Introduction and quote compilation by Laura S. Moncur, Staff Writer.

    “Hail to you gods, on that day of the great reckoning. Behold me, I have come to you, without sin, without guilt, without evil, without a witness against me, without one whom I have wronged. I am one pure of mouth, pure of hands.”
    The Book of the Dead, The Address to the Gods, 1700-1000 B.C.

    “Some families can trace their ancestors back three hundred years, but can’t tell you where their children were last night.”

    “While you are not able to serve men, how can you serve spirits [of the dead]?…While you do not know life, how can you know about death?”
    Confucius, The Confucian Analects, bk. 11:11

    “To forget one’s ancestors is to be a brook without a source, a tree without a root.”
    Chinese proverb

    “When we lose one we love, our bitterest tears are called forth by the memory of hours when we loved not enough.”
    Maurice Maeterlinck, Wisdom and Destiny, 1898

    “We simply rob ourselves when we make presents to the dead.”
    Publilius Syrus, Moral Sayings, First Century B.C.

    “Heap not on this mound / Roses that she loved so well; / Why bewilder her with roses, / That she cannot see or smell?”
    Edna St. Vincent Millay, “Epitaph,” Second April, 1921

    “As men, we are all equal in the presence of death.”
    Publilius Syrus, Moral Sayings, First Century B.C.

    “Do not fear death so much, but rather the inadequate life.”
    Bertolt Brecht, The Mother, 1932

    “Memorial Service – Farewell party for someone who has already left.”
    Robert Byrne

    “After I’m dead I’d rather have people ask why I have no monument than why I have one.”
    Cato the Elder (234-149 B.C.)

    Featured Books
    The following books and tapes are available through Amazon.com:

    For more information about Memorial Day, try these links:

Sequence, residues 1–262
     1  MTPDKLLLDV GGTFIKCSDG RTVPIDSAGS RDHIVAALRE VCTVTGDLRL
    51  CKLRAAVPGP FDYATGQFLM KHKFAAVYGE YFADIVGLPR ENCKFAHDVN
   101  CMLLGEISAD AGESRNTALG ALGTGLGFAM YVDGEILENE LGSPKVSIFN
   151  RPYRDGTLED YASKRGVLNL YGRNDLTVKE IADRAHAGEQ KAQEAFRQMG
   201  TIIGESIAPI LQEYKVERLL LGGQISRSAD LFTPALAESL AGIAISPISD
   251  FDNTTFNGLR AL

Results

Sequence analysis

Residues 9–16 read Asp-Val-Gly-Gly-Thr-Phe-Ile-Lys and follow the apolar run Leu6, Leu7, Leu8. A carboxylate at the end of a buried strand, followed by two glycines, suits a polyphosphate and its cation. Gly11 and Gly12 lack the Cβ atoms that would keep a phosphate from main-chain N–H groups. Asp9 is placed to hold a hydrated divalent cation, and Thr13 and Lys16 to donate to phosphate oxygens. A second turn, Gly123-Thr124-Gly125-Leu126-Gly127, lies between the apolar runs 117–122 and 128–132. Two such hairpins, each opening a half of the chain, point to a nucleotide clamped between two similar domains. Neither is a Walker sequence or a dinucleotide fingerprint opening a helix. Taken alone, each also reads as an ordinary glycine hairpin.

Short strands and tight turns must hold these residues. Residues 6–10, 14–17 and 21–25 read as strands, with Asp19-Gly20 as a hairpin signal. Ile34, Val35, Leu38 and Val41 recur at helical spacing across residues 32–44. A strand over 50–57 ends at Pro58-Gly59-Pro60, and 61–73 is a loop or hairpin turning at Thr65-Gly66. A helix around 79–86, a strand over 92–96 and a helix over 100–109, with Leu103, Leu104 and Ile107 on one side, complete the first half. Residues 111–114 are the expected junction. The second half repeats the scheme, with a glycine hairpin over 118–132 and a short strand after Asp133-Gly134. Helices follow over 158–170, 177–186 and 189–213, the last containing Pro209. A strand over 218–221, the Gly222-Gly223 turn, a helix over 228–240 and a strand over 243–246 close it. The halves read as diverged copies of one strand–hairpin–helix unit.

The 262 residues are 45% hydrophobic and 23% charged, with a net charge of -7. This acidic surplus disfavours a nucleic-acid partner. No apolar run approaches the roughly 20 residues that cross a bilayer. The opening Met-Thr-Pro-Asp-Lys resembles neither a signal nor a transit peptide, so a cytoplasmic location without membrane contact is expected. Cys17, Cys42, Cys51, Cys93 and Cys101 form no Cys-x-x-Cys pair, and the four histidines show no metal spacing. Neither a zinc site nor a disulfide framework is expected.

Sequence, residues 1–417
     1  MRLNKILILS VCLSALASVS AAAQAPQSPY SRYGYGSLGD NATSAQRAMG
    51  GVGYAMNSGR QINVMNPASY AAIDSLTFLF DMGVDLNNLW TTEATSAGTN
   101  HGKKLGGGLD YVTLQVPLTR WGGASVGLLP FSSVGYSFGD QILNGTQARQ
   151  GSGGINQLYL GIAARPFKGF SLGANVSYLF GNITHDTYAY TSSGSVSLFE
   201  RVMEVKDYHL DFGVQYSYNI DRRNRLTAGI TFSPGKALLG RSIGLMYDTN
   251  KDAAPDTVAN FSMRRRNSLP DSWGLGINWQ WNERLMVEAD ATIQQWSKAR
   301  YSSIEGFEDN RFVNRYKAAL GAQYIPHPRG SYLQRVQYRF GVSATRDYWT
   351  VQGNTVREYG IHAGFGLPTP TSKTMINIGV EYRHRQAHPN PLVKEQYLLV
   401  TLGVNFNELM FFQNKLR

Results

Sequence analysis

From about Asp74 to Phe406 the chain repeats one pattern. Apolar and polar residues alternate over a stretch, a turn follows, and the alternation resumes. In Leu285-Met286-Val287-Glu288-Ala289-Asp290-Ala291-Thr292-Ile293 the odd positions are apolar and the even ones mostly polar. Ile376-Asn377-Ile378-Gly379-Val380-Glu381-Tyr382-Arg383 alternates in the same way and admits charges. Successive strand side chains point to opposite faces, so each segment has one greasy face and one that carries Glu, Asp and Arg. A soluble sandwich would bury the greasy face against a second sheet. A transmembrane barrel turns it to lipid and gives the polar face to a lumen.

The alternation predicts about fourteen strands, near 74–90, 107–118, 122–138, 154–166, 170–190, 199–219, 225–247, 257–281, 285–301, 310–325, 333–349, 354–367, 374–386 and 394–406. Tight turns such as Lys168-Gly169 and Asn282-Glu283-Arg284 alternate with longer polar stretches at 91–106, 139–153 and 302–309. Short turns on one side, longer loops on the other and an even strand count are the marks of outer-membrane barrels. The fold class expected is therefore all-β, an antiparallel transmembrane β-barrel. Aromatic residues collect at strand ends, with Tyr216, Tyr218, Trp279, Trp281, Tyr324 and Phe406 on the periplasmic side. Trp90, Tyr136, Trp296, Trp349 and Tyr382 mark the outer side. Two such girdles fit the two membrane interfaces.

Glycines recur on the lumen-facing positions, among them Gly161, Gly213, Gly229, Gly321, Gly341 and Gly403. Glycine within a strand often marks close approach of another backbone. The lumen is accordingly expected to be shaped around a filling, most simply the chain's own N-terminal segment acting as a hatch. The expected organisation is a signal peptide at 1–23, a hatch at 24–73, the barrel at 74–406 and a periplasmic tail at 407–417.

• History of Memorial Day – Describes the history of Memorial Day from its inception in Waterloo, New York, to present time.
  • Yahoo’s Memorial Day Links – Lots of links regarding this holiday.
  • Ancestor Worship and Christian Faith – Provided by John Edmiston. Prepare to be talked out of your ancestor worship with Biblical scriptures. Unfortunately, it doesn’t address the Western practice of Memorial Day.
  • Quotes of the Week: Malcolm X

    May 17th, 1998 by Laura Moncur in Biography

    A couple of years ago, Spike Lee released his movie about Malcolm X. There was a lot of hype surrounding that movie, and not much said about the man it concerned. There were many news clips showing a man with a strong voice talking angrily into a microphone. There was a lot of talk about his leanings toward violence and the detrimental effect his speeches had on the equal rights movement.

    I really don’t know what to think about Malcolm X. The media has portrayed him as a violent man, yet all the quotations that I could find from him were things I agree with completely. If I were to judge this man, solely on the quotations that I was able to find for him (striking completely his strong and angry voice from my memory), I would laud him. Here is a selection of quotations from Malcolm X.

    Introduction and quote compilation by Laura S. Moncur, Staff Writer.

    “Power never takes a back step – only in the face of more power.”
    Malcolm X Speaks, 1965

    “The future belongs to those who prepare for it today.”

    “A jungle is only a place that’s heavily vegetated – the soil is so rich and the climate is so good that everything grows, and it doesn’t grow in season – it grows all the time.”
    Malcolm X Speaks, 1965

    “If you’re born in America with a black skin, you’re born in prison.”
    Interview, June 1963

    “Sitting at the table doesn’t make you a diner, unless you eat some of what’s on that plate. Being here in America doesn’t make you an American. Being born here in America doesn’t make you an American.”
    Malcolm X Speaks, 1965

    “You’re not to be so blind with patriotism that you can’t face reality. Wrong is wrong, no matter who does it or says it.”
    Malcolm X Speaks, 1965

    “You show me a capitalist, I’ll show you a bloodsucker.”
    Malcolm X Speaks, 1965

    “Usually when people are sad, they don’t do anything. They just cry over their condition. But when they get angry, they bring about a change.”
    Malcolm X Speaks, 1965